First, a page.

We learned the term “catch radius” when watching Robinson turn UND practice reports into Spiderman spottings. So after battling through a hand injury that had to make squeezing the football harder, it’ll be important to see Robinson return to his velcro ways.
But beyond that, finding the footballs to make sure Robinson has the ability to build on 40 catches and push towards 50 or 60, that’s the question. Because if the junior is going to emerge as a big-play threat, he’ll need to demand the football over C.J. Prosise, Brown, Amir Carlisle and already guaranteed touches for Fuller in a crowd of capable playmakers.
Robinson has an NBA body and hands that you can’t teach. If he’s able to balance that with a play-to-play consistency, he’s another wonderful option.
We kicked off our list with five candidates for a breakout season. Our next installment seems to be doing one better: All five players have already started football games (or in one case, a game), now the goal is to become dominant performers.
For some, it’s still a learning process. We saw that with Nyles Morgan in 2014, a young linebacker prone to mistakes but still capable of making the big play. For others like Chris Brown and Elijah Shumate, 2015 constitutes a final season to perform, with the hope that three seasons of experience will result in a breakthrough.
We saw game-breaking moments from a player like Corey Robinson. We also saw Mike McGlinchey step into the starting lineup and thrive, surviving a mid-game relief appearance against USC’s Leonard Williams before performing more-than-admirably against LSU.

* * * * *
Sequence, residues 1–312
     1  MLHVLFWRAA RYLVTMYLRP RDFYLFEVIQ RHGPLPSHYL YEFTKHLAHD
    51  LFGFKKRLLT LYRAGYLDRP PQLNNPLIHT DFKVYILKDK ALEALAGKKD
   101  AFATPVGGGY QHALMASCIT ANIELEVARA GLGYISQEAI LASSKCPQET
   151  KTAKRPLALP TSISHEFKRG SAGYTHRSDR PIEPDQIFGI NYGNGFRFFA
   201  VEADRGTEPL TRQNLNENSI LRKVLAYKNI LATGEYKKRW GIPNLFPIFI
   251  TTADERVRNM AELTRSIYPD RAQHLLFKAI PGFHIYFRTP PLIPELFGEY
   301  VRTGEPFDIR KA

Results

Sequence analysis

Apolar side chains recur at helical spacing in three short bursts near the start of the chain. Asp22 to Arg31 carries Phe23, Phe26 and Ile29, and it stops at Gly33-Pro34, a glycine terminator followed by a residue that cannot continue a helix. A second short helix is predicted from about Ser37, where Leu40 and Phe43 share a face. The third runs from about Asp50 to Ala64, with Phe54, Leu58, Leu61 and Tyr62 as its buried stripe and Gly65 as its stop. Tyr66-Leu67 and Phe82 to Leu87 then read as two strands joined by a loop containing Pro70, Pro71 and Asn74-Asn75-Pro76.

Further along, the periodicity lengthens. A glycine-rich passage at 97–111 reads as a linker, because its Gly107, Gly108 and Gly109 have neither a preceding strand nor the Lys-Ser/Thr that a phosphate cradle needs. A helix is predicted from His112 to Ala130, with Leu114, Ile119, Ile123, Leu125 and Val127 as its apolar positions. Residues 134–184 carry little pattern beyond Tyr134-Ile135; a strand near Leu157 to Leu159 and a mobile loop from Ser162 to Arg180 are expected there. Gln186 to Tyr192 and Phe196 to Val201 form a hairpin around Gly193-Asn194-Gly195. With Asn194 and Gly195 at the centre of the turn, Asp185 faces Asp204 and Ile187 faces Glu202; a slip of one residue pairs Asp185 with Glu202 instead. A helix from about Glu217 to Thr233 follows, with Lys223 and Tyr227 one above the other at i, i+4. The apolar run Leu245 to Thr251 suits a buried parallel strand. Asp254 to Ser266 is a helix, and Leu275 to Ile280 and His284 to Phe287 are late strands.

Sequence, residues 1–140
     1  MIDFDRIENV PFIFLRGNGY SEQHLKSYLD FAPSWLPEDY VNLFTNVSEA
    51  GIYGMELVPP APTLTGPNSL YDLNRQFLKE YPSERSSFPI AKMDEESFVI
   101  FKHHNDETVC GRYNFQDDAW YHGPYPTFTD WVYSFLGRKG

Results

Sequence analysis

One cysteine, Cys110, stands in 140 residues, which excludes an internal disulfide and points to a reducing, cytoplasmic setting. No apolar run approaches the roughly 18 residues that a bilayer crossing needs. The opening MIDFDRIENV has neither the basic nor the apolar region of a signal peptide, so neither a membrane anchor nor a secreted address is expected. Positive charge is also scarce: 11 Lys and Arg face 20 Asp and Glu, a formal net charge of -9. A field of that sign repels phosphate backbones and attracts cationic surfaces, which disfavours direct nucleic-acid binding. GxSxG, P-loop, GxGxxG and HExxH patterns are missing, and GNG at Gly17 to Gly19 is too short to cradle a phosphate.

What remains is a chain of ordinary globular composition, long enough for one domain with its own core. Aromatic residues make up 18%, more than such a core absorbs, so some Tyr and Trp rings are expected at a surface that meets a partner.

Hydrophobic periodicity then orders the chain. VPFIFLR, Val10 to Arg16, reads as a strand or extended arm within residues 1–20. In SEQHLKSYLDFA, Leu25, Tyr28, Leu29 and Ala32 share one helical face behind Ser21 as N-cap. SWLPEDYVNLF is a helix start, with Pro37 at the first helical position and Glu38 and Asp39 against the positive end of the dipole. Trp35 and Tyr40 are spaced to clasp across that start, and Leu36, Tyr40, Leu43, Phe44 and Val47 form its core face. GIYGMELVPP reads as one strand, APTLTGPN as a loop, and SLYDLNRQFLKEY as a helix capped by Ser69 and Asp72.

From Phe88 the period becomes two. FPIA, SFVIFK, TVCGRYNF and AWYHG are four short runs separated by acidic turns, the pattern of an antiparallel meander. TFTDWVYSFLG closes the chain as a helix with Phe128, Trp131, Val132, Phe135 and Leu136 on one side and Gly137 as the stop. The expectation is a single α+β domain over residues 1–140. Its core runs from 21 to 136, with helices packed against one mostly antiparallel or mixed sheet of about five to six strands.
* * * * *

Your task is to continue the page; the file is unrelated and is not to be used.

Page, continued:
The depth on Notre Dame’s roster begins to show itself in this installment, with all five players capable of putting together very big seasons.
2015 IRISH TOP 25 RANKINGS
25. Jerry Tillery, DL 24. Greg Bryant, RB 23. Durham Smythe, TE 22. Matthias Farley, DB 21. Quenton Nelson, LG
20. Nyles Morgan (LB, Sophomore): No, it wasn’t always pretty. But Morgan’s baptism by fire should help as he moves into his sophomore season. In limited playing time subbing in for an injured Joe Schmidt, Morgan managed to make 47 tackles, the eighth most of any freshman at Notre Dame in the program’s history.
Morgan’s big play potential is obvious. He managed 3.5 TFLs in his four starts, three more than Joe Schmidt managed during his MVP (as voted by peers and coaches) campaign.
A big, fast and mean linebacker, Morgan will compete with Schmidt and Jarrett Grace for time in the middle of the defense. And if he’s able to take the next step from a mental prospective, there’s a chance that Morgan can see the field at the same time as Schmidt and Jaylon Smith, giving the Irish a linebacking corps that should be incredibly productive.